The Open Compute Project: Driving Data Center Innovation

The Open Compute Project (OPC) holds its 5th annual summit this week in San Jose, CA. The project is focused on optimizing data centers so that they are more powerful, more efficient, and to integrate new capabilities. One way this is accomplished is through designing interoperability into data center components. But OPC has achieved several additional things on its way toward these goals.

OCP’s accomplishments include:

  • Having sparked a dialogue between the most influential data center firms
  • Inspiring HP’s launch of a white-box option to cater to Open Compute participants
  • Shedding new light on research and development possibilities for software-defined networking and storage methods in corporate data centers
  • Inspiring major hardware vendors to use innovative designs in their data centers
  • Being credited with inspiring the hyper-converged system movement, which revolves around a single box that offers networking, storage, and information processing

But OCP’s greatest accomplishment is that it has changed the way we think about data center hardware, vendors, and their customers. OCP has influenced many vendors to adopt new advanced concepts in part and passing the benefits along to their customers. As a result, OCP has made hardware infrastructure more open and less likely to isolate a given user with an irresolvable problem.

The Open Compute Project Driving Data Center Innovation

Companies Growing Under the Light of Collective Innovation

It could be argued that without OCP, a company like Cisco- for example- wouldn’t have advanced systems like their Application Centric Infrastructure and their advanced hybrid data center deployment capabilities. Cisco joined OCP in 2014, and since then they have contributed and learned a great deal.

Most vendors have acknowledged that their hardware systems have to interconnect and be more open in order for theircapabilities to grow and remain competitive. OCP’s influence has had everything to do with that approach.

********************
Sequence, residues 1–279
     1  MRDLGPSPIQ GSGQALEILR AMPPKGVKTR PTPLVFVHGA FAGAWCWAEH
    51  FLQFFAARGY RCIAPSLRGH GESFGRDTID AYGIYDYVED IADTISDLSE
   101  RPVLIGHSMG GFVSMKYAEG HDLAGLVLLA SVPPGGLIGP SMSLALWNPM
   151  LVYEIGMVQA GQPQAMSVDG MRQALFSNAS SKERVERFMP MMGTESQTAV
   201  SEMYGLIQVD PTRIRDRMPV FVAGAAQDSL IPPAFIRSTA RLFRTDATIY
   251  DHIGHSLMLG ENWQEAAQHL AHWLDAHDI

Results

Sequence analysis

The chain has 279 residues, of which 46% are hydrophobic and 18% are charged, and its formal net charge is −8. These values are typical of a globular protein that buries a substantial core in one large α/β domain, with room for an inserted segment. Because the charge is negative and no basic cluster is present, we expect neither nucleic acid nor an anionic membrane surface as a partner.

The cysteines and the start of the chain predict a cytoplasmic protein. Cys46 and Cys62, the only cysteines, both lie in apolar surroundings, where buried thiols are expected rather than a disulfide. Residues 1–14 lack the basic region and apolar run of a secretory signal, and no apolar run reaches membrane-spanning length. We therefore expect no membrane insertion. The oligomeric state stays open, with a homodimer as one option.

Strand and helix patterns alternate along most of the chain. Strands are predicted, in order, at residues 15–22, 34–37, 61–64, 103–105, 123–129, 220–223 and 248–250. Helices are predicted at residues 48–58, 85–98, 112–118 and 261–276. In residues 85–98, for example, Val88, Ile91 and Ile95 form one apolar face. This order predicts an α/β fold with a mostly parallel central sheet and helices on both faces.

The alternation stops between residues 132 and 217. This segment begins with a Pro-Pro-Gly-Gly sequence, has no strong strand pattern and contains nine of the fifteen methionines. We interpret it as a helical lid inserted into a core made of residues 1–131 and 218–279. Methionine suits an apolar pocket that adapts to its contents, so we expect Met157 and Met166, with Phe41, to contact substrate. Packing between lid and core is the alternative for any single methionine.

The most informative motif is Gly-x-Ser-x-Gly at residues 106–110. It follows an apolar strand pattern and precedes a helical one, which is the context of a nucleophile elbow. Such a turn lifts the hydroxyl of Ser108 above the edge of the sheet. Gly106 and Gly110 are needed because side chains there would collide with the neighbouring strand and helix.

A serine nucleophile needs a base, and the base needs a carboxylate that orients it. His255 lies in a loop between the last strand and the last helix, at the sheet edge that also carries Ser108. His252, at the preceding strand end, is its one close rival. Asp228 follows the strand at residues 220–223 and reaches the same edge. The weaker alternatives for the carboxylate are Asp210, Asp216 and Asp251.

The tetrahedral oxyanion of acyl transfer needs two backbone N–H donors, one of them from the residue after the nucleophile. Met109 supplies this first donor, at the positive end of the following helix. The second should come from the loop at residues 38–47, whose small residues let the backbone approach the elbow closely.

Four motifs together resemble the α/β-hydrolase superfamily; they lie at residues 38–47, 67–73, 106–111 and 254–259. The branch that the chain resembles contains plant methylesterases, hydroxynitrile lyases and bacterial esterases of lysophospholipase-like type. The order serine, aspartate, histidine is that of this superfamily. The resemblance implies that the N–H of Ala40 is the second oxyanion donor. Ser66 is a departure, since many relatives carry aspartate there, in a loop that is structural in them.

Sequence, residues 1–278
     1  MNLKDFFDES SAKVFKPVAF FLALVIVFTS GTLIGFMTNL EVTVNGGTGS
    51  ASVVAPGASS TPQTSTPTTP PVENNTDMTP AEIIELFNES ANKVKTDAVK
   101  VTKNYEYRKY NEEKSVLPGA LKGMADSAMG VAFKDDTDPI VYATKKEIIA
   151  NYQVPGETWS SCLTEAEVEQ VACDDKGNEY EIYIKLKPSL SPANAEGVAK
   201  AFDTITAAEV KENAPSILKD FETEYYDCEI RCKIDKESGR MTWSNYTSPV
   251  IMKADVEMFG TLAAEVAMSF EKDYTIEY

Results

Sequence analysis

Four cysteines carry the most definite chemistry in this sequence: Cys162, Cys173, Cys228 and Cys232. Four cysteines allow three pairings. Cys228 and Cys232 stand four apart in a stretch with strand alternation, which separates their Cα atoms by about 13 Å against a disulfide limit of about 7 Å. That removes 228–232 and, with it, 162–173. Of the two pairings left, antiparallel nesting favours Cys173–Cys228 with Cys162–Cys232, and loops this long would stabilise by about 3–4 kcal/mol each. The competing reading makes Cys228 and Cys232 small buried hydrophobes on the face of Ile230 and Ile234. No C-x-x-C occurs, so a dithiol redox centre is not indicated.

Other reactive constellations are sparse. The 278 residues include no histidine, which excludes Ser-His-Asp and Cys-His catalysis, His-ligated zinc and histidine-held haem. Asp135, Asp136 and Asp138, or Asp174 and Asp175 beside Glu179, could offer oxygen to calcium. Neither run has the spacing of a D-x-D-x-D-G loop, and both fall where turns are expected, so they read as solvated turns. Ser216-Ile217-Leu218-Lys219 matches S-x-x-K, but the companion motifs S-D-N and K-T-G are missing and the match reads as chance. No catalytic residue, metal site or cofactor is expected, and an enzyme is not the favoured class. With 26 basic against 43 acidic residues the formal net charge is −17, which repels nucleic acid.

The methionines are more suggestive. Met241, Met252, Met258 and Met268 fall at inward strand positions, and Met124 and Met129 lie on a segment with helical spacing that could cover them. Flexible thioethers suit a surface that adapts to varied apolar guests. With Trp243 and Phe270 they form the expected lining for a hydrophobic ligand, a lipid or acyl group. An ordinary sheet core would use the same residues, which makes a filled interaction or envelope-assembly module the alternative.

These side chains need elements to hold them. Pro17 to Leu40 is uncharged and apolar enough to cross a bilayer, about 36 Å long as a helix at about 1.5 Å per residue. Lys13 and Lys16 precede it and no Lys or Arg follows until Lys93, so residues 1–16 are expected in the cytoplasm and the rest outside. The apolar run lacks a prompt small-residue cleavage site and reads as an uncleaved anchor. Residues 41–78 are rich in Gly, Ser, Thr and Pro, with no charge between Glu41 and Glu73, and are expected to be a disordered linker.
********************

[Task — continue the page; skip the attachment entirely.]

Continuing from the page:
All of this innovation has sparked a new endeavor for OCP: Converged infrastructure promise without lock-in. To support this effort, Facebook has announced that it wants to streamline 5G the same way it has already done to their own data center. To help organize this endeavor, OCP will enlist AT&T and Verizon to develop telecommunications support networks. Microsoft will contribute by demonstrating its Linux-based Azure Cloud Switch operating system while Facebook reveals its S.O.C, open hardware, and a software based solution framework for high capacity data centers.

This year’s OCP conference will feature such heavy hitters such as the Facebook creation, Open-Rack architecture, software defined storage, APIs for networking systems, new firmware standards, power management improvements, and High-Performance Computing clusters.

To put it simply, OCP is enabling major corporations of all kinds to take control of their technological resources in ways that they would probably never be able to imagine otherwise.

The Open Compute approach hasn’t yet produced any huge sellers on the mainstream consumer market- and that would be a bonus- but OCP doesn’t have to lead to the successor to the iPhone to be a success. It only needs to keep doing what it’s doing- promoting higher standards of operation for companies that already have commercially successful products.

Katrina is a leader in the IT industry with innovative ideas and custom solution as a product specialist for Rack Solutions.

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